2012 Olympic Gymnastics Team: Where USA Must Excel to Bring Home the Gold
The 2012 Olympics have begun now and in just a few days the U.S.'s gymnastics team will begin competition. Both the men's team and the women's team have high hopes that could even end with a gold medal.
That said, getting a gold medal will not be easy. The women's team will face strong competition against usually strong teams like China, Japan and Romania.
The men's team meanwhile will have their hands full going against elite upper tier teams like defending Olympics team China and Japan, which has the all-around's favorite in Kohei Uchimura.
With such tough competition, it should be a tightly contested Olympics. Because of this, the U.S. will need to excel in certain areas to ensure a solid run at a gold medal. Here are some of those crucial areas, two for the men's team and two for the women's team.
1. Women's Uneven Bars
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The uneven bars is a crucial event full of excitement. It's also a risky competition though as one only needs to look at Nastia Liukin's faceplant earlier this month to see what could go wrong.
The U.S.'s best shot at a medal in uneven bars comes from 16-year-old Gabby Douglas. Nicknamed the "Flying Squirrel" for the unreal amount of height that she gets on release moves, Douglas has had a quick rise to Olympic fame.
First, she helped the U.S. women's team win a gold in the 2011 World Championships. Then in June of this year, she won gold convincingly at the 2012 U.S. Championships where she also got a silver medal in the all-around.
As the above photo shows, Douglas frequently smiles a lot. Her contagious personality and boundless energy make her a favorite for medaling in the uneven bars. Although this is her strongest event, she will need to look out for competition from Viktoria Komova of Russia, Beth Tweddle of Great Britain and Anastasia Grishina of Russia.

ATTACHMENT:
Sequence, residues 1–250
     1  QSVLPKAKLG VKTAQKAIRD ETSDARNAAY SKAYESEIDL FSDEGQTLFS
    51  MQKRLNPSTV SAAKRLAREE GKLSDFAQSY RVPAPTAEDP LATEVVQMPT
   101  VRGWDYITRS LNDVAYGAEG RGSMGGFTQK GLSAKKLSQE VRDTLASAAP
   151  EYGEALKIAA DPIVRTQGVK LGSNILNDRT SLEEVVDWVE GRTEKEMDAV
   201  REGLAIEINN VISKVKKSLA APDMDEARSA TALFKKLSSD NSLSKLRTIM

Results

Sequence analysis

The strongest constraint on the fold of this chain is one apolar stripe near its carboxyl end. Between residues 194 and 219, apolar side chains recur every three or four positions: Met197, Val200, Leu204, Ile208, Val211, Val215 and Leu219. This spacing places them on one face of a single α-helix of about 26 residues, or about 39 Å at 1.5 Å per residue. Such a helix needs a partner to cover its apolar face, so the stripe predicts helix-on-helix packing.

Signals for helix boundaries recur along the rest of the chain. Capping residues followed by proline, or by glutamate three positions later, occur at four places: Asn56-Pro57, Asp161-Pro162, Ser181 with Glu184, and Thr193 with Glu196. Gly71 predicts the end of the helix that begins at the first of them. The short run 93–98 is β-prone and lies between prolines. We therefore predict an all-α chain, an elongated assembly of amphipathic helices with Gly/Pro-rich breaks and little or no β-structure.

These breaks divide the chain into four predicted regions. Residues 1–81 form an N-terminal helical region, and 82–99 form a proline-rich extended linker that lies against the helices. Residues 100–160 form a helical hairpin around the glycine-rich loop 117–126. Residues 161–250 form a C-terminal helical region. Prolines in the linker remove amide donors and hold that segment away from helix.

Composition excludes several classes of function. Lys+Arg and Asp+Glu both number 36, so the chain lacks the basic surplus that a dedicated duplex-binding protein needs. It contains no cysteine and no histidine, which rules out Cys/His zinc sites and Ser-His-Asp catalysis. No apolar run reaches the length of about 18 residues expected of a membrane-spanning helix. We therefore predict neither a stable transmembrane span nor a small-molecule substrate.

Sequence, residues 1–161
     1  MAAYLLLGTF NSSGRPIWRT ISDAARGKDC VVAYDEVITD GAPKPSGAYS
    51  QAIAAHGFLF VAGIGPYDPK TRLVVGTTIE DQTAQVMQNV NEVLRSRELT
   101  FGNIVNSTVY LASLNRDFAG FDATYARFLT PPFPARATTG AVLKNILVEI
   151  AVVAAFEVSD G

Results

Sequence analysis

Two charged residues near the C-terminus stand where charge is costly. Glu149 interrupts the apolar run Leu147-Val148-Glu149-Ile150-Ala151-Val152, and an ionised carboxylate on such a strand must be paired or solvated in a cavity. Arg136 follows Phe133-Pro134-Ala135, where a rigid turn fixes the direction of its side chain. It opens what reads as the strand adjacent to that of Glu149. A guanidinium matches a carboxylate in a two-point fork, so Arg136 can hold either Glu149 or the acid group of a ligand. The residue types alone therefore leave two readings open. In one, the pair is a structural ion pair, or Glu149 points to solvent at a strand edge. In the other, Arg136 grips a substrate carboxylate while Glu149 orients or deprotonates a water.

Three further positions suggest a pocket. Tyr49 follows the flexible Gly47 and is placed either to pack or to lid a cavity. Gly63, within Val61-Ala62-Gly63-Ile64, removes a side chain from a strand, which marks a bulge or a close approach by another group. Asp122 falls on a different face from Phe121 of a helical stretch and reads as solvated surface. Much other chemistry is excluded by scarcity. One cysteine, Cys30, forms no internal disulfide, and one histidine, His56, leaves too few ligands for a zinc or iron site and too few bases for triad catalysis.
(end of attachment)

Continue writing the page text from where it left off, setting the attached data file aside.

2. Women's Vault
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As the 2011 World Champion, McKayla Maroney is the prohibitive favorite in this event. However, she's got a bit of a setback now with a toe that she broke back in May.
Because of this, Maroney will be limited to only competing in vault. She's also had a recent concussion that she suffered after hitting her head on the floor during training for the U.S. gymnastics championships. Thankfully there hasn't been lingering effects from it as just three weeks later Maroney was able to celebrate her selection on the U.S. women's team.
It's a testament to her skill that despite all the injuries she's suffered, she is still a favorite for gold. In addition to her resilience is her ability to perform the difficult Amanar vault. Maroney will also need to look out for Aliya Mustafina from Russia who has also mastered the Amanar vault.
3. Men's Floor Exercise
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Although not quite the overpowering favorites that the women's team is, the men's team is pretty good in their own right. They will need a lot of things to go right to get a gold medal and one of their crucial events has to be the men's floor exercise.
The men's best bet in the floor exercise is newcomer Jake Dalton. Although he will also compete in rings and vault, floor exercise likely represents his best bet to win a gold medal. Dalton has already won non-Olympic gold in this event with golds in the U.S. National Championships the last two years.
The competition is going to be hard. China's Zou Kai will be back to try to defend his gold medal from four years ago. Diego Hypolito from Brazil is another favorite that could be difficult for Dalton to beat.
4. Men's Parallel Bars
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As the reigning world champion in the men's parallel bars, Danell Leyva has an excellent chance for a medal in London. While he is the reigning champion from the 2011 World Championships, Leyva has also dominated in the U.S., winning the Visa Championship three years in a row.
Leyva's Olympics will have an early start as the first round of qualifications starts on Saturday for the high bar and the parallel bars. Even with his recent success, Leyva will need to improve his gold-medal score from the 2011 World Championships of 15.633. This score would have given him only an eighth place finish back in Beijing's Olympics.
If confidence is an indication of future success, then Leyva is in a good place. He's already saying that he wants four gold medals in London, which means a medal in all of his events. As perhaps the most talented athlete on the men's gymnastics team, Leyva is crucial to their gold medal hopes.